Cancer Causes & Control

, Volume 23, Issue 10, pp 1653–1663

ADRB2 GG haplotype associated with breast cancer risk among Hispanic and non-Hispanic white women: interaction with type 2 diabetes and obesity

  • Avonne Connor
  • Richard N. Baumgartner
  • Richard A. Kerber
  • Elizabeth O’Brien
  • Shesh N. Rai
  • Roger K. Wolff
  • Martha L. Slattery
  • Anna R. Giuliano
  • Betsy C. Risendal
  • Tim E. Byers
  • Kathy B. Baumgartner
Original paper



Polymorphisms in the beta-2-adrenergic receptor (ADRB2) gene have been studied in relation to risk of type 2 diabetes and obesity, risk factors that have received increased attention in relation to breast cancer. We evaluated the hypothesis that ADRB2 variants (rs1042713, rs1042714) are associated with breast cancer risk in non-Hispanic white (NHW) and Hispanic (H) women using data from a population-based case–control study conducted in the southwestern United States.


Data on lifestyle and medical history, and blood samples, were collected during in-person interviews for incident primary breast cancer cases (1,244 NHW, 606 H) and controls (1,330 NHW, 728 H). ADRB2 genotypes for rs1042713(G/A) and rs1042714(G/C) were determined using TaqMan assays. The associations of each variant and corresponding haplotypes with breast cancer were estimated using multivariable logistic regression.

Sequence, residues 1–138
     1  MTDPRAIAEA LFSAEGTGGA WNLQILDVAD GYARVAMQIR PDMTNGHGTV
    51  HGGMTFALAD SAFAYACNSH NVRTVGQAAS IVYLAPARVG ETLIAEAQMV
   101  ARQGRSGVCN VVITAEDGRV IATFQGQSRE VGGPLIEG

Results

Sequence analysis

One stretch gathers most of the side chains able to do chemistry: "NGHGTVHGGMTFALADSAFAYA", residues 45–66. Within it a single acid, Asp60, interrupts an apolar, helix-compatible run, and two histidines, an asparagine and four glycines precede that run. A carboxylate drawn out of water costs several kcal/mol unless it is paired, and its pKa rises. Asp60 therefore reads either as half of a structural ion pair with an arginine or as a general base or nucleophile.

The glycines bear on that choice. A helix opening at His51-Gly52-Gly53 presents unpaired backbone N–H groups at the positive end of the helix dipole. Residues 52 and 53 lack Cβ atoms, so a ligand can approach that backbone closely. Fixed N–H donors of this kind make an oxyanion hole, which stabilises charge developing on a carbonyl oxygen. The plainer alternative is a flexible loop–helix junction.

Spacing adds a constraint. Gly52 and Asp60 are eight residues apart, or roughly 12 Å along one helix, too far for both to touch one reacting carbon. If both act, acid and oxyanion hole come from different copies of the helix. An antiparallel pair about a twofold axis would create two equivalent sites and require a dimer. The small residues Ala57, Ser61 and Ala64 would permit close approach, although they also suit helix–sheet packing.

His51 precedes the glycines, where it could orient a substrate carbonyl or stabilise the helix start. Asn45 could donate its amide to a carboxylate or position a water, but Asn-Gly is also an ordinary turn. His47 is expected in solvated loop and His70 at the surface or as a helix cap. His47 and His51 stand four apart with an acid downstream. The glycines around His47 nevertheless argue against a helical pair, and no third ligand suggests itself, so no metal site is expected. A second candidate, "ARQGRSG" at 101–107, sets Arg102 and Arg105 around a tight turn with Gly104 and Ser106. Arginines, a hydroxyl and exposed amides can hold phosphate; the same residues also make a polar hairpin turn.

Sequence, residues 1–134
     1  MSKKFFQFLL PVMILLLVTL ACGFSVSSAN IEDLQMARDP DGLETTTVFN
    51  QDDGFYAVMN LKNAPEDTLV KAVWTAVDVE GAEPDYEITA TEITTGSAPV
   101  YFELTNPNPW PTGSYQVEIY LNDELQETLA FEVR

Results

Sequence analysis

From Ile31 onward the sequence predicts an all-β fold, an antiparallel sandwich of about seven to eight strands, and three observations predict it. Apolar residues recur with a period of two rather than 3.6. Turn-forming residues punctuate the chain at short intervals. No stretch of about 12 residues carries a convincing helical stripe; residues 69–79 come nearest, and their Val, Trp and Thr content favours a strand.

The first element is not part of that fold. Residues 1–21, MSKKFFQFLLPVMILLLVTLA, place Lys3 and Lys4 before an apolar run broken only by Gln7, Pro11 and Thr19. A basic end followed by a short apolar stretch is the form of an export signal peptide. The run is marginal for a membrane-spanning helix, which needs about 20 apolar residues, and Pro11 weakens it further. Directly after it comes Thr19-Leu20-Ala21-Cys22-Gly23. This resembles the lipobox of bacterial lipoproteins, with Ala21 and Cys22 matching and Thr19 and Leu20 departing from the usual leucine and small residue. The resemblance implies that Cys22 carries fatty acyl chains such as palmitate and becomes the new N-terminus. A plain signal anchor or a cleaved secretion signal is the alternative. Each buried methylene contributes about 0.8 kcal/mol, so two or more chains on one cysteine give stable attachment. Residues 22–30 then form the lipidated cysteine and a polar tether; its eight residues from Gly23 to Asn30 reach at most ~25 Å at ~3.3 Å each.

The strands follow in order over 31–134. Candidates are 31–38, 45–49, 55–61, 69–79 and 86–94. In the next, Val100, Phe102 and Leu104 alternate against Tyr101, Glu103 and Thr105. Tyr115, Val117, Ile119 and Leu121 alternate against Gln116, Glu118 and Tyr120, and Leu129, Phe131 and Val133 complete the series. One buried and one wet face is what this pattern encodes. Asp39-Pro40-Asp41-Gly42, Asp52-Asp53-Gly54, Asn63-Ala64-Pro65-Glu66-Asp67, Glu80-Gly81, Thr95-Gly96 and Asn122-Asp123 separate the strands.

Two copies compared to one or zero copies of the ADRB2 GG haplotype were associated with increased breast cancer risk for NHW women [odds ratio (OR), 1.95; 95 % confidence interval (95 % CI), 1.26–3.01], but with reduced risk for H women [OR, 0.74; 95 % CI, 0.50–1.09]. Effect estimates were strengthened for women with a body mass index (BMI) ≥25 kg/m2 [H: OR, 0.50; 95 % CI, 0.31–0.82; NHW: OR, 3.85; 95 % CI, 1.88–7.88] and for H women with a history of diabetes [H: OR, 0.32; 95 % CI, 0.12–0.89].


These data suggest that ethnicity modifies the association between the ADRB2GG haplotype and breast cancer risk, and being overweight or obese enhances the divergence of risk between H and NHW women.


Breast cancer Hispanic Beta-2-adrenergic receptor Haplotypes Obesity Diabetes 


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Copyright information

© Springer Science+Business Media B.V. 2012

Authors and Affiliations

  • Avonne Connor
    • 1
  • Richard N. Baumgartner
    • 1
  • Richard A. Kerber
    • 1
  • Elizabeth O’Brien
    • 1
  • Shesh N. Rai
    • 1
  • Roger K. Wolff
    • 2
  • Martha L. Slattery
    • 2
  • Anna R. Giuliano
    • 5
  • Betsy C. Risendal
    • 3
    • 4
  • Tim E. Byers
    • 3
    • 4
  • Kathy B. Baumgartner
    • 1
  1. 1.Department of Epidemiology and Population Health, School of Public Health and Information SciencesUniversity of LouisvilleLouisvilleUSA
  2. 2.Division of Epidemiology, Department of Internal MedicineUniversity of UtahSalt Lake CityUSA
  3. 3.Department of EpidemiologyColorado School of Public HealthAuroraUSA
  4. 4.Department of Community and Behavioral HealthColorado School of Public HealthAuroraUSA
  5. 5.Department of Cancer Epidemiology and GeneticsH. Lee Moffit Cancer Center and Research InstituteTampaUSA

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